Tissue characterisation by ultrasound strain imaging. Methodological aspects and gastroenterological applications
MetadataShow full item record
Real-Time Elastography (RTE) is a new imaging modality that monitors tissue strain during applied stress. The aim of this thesis was to validate if RTE was a reliable modality to reflect pathologically induced differences in elasticity or tissue hardness and to interrogate if assessment of elastic changes by RTE could be used as a diagnostic tool in clinical practice. Particularly, we focused on the ability of RTE to differentiate between benign and malignant disease in intestinal and pancreatic lesions.
Two validation studies were performed using a tissue-mimicking phantom containing inclusions with different size, depth and defined elastic properties. We evaluated the influence of different parameter settings on image quality, and intra- and interobserver variation was also assessed. Furthermore, we examined the impact of different size and depth of selected calculation areas in strain ratio (SR) measurements. In a sub-study on resected bowel specimens, elastograms were compared with histology in order to verify the ability to differentiate between benign and malignant disease and study mechanisms leading to changes in elastic properties. In a clinical study on focal pancreatic lesions, RTE was performed using endoscopic ultrasonography (EUS). In the evaluation of strain images from human tissue we applied a previously published visual categorical score (VCS), a visual analogue scale (VAS) and SR.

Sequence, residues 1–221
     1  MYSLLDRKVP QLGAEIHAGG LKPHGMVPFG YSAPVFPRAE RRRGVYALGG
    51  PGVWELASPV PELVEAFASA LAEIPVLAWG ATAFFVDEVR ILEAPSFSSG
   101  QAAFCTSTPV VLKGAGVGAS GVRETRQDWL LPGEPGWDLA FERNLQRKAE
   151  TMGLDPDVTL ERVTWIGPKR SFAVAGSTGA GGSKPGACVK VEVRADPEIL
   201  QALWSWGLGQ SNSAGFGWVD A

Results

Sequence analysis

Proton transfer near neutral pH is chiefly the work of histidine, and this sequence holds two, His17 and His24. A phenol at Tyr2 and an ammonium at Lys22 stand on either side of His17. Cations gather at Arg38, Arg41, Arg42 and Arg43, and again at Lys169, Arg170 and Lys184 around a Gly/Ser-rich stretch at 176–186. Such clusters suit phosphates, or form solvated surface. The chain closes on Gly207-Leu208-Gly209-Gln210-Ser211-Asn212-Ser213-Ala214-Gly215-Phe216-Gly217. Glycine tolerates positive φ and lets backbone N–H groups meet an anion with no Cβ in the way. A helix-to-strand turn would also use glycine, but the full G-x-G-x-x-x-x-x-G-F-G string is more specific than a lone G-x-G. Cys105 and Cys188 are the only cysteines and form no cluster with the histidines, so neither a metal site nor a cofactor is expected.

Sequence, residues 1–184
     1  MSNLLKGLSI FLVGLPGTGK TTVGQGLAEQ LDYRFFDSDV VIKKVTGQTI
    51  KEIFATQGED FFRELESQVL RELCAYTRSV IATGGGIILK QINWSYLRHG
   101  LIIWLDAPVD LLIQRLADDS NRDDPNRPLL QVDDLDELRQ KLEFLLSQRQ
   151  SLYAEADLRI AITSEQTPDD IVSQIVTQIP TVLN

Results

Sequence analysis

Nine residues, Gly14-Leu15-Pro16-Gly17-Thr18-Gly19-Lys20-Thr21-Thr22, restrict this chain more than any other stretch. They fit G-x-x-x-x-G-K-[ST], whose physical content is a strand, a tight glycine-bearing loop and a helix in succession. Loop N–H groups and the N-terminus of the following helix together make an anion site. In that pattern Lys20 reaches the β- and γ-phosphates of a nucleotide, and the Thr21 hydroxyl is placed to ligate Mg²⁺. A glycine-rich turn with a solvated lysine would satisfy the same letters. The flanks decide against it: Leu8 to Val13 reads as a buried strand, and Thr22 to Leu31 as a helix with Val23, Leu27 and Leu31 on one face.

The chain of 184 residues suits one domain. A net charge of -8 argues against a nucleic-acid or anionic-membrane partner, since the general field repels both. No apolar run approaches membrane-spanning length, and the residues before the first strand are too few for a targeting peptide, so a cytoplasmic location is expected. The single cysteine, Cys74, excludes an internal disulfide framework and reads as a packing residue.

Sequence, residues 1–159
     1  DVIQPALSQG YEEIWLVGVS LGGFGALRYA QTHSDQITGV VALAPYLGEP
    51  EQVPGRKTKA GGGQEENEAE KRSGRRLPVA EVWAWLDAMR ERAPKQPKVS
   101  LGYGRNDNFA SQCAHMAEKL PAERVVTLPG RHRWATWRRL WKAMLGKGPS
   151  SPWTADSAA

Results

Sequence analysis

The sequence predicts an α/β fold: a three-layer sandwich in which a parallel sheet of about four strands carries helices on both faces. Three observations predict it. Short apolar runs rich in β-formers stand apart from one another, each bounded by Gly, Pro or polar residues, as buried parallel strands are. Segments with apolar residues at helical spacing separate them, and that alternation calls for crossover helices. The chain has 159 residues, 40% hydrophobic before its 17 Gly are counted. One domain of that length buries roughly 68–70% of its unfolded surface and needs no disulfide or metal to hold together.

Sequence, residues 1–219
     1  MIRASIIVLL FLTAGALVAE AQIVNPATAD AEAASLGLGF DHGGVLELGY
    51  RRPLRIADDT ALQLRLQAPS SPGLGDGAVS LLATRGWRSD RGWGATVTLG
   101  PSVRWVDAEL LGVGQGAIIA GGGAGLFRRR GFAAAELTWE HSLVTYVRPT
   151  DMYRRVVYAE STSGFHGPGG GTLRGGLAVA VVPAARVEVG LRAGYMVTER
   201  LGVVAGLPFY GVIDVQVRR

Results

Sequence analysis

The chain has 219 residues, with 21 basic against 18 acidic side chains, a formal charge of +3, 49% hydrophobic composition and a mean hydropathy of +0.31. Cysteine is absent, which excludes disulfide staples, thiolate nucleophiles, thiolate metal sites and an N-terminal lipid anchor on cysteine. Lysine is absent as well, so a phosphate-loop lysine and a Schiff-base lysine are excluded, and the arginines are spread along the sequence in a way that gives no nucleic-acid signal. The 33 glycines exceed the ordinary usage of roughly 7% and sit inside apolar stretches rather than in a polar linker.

The validation studies confirmed RTE’s ability to assess elastic properties in vitro with fair to good inter- and intraobsever agreement. The level of dynamic range influenced image quality but had no impact on SR measurements. On the other hand, we found that the reference areas’ distance from the US transducer but not the size influenced significantly on SR measurements. In resected bowel lesions, no significant strain difference was found between stenotic lesions caused by Crohn’s disease and adenocarcinomas. EUS-based RTE of pancreatic lesions showed significant strain difference between the entities of benign and malignant lesions, but the variation within the entities was substantial.